UK must assess CSP’s potential
I am concerned that misconceptions are leading the UK to overlook a source of clean energy with great potential - concentrated solar power (CSP) (Watch your datacentre grow greener, 12 March).
CSP is the simple but effective technique of using mirrors to concentrate sunlight, and using this heat source to drive a conventional power station with steam and turbines. Heat can also be stored in melted salts to continue generation during the night.
This approach works best in hot deserts - which we lack in Europe. However, detailed studies by the German Aerospace Centre have shown that it is feasible and economic to send power to Europe from North Africa and the Middle East using high-voltage DC transmission lines. The German research suggests there would be an overall improvement in the resilience and security of energy supplies compared with today.
Malcolm Wicks, minister for Science and Innovation, said in a written reply to a question from Jon Trickett MP that the UK government has “not made any assessment” of using CSP to help the UK meet its long-term energy goals, concluding that the technology is “not a priority for further work”.
Wicks added that the economics of the situation “needs more work”, but these things have already been examined with great thoroughness and professionalism. The German report concludes that even including the cost of transmission infrastructure, CSP could become one of the cheapest sources of electricity for Europe.
Gerry Wolff, TREC-UK
Blair dangles prospect of ID data fishing
It seems that Tony Blair is now trying to “sell” Labour’s ID card system on the basis of “feature creep”, which ministers promised Parliament would never be allowed to happen (Blair launches email strike against ID critics, 26 February).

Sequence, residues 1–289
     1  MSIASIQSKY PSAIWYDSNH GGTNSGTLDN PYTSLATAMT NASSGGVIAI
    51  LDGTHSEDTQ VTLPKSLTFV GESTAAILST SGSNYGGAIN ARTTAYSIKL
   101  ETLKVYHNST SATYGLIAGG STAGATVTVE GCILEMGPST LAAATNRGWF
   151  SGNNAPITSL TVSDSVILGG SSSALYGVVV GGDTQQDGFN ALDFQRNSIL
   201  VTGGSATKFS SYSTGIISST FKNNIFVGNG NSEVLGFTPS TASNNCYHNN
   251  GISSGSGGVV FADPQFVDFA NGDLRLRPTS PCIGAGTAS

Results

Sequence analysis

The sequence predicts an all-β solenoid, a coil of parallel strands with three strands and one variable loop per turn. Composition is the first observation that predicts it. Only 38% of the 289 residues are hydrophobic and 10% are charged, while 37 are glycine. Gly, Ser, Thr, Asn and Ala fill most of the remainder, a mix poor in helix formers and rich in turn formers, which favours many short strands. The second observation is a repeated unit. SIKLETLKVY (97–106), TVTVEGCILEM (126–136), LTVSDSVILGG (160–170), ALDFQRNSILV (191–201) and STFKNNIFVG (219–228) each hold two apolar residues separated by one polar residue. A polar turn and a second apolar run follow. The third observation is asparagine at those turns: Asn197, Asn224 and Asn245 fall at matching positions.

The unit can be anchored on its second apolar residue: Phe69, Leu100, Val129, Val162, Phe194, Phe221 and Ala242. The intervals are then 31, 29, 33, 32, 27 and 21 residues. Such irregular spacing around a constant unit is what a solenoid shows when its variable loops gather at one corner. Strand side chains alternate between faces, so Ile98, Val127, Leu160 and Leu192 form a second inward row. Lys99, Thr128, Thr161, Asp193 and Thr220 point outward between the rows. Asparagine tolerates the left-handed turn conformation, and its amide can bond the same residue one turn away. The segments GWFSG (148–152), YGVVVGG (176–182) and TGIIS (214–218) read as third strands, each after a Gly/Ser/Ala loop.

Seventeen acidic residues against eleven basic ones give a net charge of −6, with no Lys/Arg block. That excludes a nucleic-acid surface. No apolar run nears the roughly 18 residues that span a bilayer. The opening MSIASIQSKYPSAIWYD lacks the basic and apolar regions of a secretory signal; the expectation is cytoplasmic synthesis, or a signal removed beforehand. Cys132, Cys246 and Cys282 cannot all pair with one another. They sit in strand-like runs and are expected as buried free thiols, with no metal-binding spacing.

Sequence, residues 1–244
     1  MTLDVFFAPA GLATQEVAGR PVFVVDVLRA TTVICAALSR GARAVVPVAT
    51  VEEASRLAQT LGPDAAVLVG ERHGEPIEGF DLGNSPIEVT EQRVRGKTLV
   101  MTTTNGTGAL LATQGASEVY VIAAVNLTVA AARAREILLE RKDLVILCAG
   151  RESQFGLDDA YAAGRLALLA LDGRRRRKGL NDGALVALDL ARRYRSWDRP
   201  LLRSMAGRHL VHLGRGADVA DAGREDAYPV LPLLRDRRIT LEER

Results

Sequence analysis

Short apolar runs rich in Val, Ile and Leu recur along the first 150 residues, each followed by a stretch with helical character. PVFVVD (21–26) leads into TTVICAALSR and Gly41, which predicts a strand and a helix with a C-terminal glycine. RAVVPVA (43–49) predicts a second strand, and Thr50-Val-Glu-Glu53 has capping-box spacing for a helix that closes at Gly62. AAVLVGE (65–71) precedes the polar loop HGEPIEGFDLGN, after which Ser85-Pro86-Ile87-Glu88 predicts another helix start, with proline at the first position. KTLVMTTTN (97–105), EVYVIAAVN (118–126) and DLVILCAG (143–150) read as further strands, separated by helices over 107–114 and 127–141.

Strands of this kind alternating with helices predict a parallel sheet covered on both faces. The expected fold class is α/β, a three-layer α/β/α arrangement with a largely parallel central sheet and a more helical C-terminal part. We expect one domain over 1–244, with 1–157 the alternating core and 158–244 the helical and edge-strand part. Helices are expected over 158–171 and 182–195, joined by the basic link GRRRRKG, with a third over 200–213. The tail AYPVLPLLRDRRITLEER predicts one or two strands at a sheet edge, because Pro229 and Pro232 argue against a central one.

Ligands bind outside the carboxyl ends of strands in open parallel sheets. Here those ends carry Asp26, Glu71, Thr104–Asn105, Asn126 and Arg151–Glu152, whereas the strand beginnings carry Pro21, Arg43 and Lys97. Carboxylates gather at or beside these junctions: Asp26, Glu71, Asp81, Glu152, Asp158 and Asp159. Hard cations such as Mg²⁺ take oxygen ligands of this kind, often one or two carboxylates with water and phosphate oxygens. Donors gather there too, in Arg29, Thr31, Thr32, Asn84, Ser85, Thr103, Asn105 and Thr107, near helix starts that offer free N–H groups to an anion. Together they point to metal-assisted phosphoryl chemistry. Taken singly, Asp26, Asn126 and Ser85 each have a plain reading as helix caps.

Tony McNulty, then Home Office minister for immigration, citizenship and nationality, clearly stated in standing committee on 6 July 2005: “There are safeguards not only against state agencies, for want of a better phrase, going fishing in the database, but against misbehaviour and abuse of the database by those who manage the system.”
This was reported in Hansard, but is clearly no longer the case, since the prime minister’s email directly contemplates such fishing expeditions to crack unsolved crimes, and also describes both data-sharing within UK government and passing information on citizens to foreign governments.
ID cards will not stop fraud
Biometric ID documents would work perfectly in small organisations where everyone concerned would be on the database and every point of transaction would have reading equipment (Blair launches email strike against ID critics, 26 February). Nationally, however, it is virtually impossible to satisfy both these conditions and hence the proposed biometric ID card system will fail. Fraudsters will be able to use fake ID cards wherever the required reading equipment is not present. It is thus obvious that these biometric ID documents will encourage more identity fraud.
Can’t see the trees for the servers